By Miguel.GFZ

Semi-retired like Vito Corleone before the heart attack. Consiglieri to J.Kb and AWA. I lived in a Gun Control Paradise: It sucked and got people killed. I do believe that Freedom scares the political elites.

9 thoughts on “I believe this sum it up rather nicely.”
  1. The logic is that ‘statistics’ show that most robbers only want your stuff so it is immoral to assume they’re there to hurt you and defend your life/property. IOW, you should rely on the assumed good will of the person who has already violated social standards to not hurt/kill you and your family.

    1. That’s part of what’s wrong with the “just give the robber, or rapist, what he wants”. A whole bunch of them will kill you, either for shits & grins, or to get rid of the witness.
      But apart from that, the property they are taking was acquired by your labor, which means by a slice of your life. There is only a difference of degree between robbery and murder, NOT a fundamental difference in nature. Try to take part of my life, or all of my life, I’m morally justified to use deadly force to stop you.
      The fact that the law, by and large in most states, doesn’t recognize this moral principle is a defect of the law, not an error in the moral principle. In civilized states we can ignore this defect, pretty much, because “reasonable fear of death or serious bodily harm” very much applies in the case of robbery, and honest DAs and decent juries know this. It may not help you in s**thole states like NY, of course, but it should work in decent places like NH.

      1. Came here to say this, albeit not as eloquently.
        .
        It’s a perspective I appreciate more as I get older. In some ways it’s depressing (or, to be a little pejorative, materialistic) to consider one’s “stuff” (be it property or savings) as the benchmark of one’s life’s work. However, it doesn’t change the fact that it is, in fact, just that. “Stuff” can also mark events in one’s life, time spent in the company and life partnership with loved ones, etc.
        .
        As the saying goes, you are not valuing your stuff more than the thief’s life. The thief is the one making that value judgment.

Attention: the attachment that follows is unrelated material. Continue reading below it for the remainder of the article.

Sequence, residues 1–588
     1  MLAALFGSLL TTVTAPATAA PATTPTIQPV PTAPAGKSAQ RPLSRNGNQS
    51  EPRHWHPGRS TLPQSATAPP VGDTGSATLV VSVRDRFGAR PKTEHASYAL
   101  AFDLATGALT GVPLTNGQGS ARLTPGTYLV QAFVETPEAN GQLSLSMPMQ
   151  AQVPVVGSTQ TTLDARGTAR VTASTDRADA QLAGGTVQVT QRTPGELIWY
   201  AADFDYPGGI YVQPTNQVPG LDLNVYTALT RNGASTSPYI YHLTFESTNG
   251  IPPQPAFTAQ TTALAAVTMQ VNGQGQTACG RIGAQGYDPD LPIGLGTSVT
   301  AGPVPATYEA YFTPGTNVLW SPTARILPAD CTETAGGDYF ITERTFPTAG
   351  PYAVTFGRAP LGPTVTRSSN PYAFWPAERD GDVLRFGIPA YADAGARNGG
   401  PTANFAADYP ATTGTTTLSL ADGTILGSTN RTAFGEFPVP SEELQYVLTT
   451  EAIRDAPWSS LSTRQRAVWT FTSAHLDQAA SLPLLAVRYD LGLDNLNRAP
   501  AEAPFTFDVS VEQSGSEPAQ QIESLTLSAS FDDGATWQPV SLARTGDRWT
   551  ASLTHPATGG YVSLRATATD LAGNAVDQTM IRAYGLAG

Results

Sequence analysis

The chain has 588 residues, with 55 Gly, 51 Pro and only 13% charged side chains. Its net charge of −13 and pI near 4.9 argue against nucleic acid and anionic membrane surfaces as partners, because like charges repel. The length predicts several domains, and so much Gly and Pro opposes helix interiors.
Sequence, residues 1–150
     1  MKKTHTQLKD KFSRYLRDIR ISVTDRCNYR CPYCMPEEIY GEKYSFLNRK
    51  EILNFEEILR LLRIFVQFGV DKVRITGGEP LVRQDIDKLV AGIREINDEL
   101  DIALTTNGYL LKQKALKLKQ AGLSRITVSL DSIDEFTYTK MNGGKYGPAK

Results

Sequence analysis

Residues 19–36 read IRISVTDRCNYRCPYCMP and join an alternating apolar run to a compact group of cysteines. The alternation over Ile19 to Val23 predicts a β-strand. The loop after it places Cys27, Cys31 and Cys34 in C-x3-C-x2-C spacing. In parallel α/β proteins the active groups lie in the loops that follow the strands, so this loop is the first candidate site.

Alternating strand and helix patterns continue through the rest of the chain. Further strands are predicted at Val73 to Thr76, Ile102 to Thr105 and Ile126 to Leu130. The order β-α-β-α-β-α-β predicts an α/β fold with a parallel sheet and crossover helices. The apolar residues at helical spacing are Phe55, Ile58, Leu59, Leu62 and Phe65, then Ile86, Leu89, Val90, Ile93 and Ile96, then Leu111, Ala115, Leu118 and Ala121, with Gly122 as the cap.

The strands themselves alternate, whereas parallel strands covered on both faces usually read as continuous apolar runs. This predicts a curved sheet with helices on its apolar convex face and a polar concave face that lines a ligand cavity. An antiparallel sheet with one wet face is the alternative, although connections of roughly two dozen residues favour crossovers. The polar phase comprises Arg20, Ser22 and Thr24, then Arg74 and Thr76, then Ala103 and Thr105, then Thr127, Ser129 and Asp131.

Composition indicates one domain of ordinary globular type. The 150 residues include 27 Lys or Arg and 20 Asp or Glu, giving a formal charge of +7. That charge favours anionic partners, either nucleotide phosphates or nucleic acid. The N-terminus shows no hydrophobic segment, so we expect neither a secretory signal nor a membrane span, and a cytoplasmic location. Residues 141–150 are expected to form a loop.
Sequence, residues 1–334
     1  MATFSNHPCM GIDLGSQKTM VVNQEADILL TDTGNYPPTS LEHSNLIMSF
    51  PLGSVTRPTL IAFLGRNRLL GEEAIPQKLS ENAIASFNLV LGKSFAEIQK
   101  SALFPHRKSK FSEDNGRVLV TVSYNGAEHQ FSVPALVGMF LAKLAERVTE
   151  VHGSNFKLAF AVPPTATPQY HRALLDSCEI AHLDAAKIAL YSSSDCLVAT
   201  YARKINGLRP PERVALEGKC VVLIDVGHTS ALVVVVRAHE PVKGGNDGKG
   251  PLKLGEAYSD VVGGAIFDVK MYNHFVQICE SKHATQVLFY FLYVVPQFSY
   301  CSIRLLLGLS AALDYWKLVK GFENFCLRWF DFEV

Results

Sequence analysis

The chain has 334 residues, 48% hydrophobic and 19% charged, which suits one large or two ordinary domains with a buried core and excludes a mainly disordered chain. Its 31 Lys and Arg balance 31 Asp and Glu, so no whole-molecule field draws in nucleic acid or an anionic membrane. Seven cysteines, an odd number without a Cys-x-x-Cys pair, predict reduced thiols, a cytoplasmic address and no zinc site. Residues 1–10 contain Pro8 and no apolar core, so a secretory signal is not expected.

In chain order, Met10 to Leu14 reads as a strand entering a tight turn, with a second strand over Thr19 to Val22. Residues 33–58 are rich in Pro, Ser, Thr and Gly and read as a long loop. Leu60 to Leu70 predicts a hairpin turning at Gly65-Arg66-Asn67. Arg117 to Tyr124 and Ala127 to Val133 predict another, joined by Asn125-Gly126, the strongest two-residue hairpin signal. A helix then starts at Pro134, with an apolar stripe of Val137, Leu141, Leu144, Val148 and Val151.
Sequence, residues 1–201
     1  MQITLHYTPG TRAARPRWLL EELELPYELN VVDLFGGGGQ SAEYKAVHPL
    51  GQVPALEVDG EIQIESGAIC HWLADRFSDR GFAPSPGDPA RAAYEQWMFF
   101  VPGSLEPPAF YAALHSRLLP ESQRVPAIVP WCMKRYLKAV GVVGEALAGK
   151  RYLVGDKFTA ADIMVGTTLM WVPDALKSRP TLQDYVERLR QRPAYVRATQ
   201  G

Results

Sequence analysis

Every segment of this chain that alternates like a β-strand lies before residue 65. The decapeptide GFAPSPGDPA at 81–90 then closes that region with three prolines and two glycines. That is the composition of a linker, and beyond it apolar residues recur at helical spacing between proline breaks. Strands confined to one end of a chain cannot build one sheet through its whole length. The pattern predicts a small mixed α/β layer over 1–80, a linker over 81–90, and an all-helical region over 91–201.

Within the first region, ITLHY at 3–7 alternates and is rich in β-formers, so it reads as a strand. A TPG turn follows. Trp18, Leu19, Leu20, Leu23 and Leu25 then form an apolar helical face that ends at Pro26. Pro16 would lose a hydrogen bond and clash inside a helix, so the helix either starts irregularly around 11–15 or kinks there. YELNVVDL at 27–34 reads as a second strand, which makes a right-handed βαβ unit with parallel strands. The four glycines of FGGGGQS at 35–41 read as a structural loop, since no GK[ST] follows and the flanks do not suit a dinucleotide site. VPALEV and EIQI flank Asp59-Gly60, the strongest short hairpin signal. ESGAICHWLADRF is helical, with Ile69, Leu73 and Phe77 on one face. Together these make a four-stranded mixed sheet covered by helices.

1. Re “depressing”, that’s a point but it’s not quite the same thing as what I said. It isn’t that your property is the measure of your life’s work. But it is true that your property (for the vast majority of us) was produced by time taken from our limited lifespan. If someone steals my car, he steals the value of that car, which equals some number of hours of my labor at whatever pay rate my labor may command right now.
          Hazlett used a variation of this observation to show the fallacy of the notion that breaking windows is good because it keeps glaziers employed. He says that yes, maybe so. But it takes money from the home owners to get the glass repaired, money that home owner wanted to use for a more valuable (to him) purpose.
          And of course the notion of “give him what he wants” is particularly repugnant in the case of a rapist. There we’re not at all talking about “mere things” that can be replaced “it’s just money” or even more absurdly “it’s insured after all”.

  2. “Gun control is the assertion that a woman raped and strangled in an alley is somehow morally superior to one who shoots her attacker stone dead.”

    1. I’ve seen it in a slightly different form, with attribution:
      “Victim disarmament types are sick, sick people, who’d rather see a woman raped in an alley and strangled with her own pantyhose than see her with a gun in her hand.” — T. D. Melrose, quoted by Neil Smith

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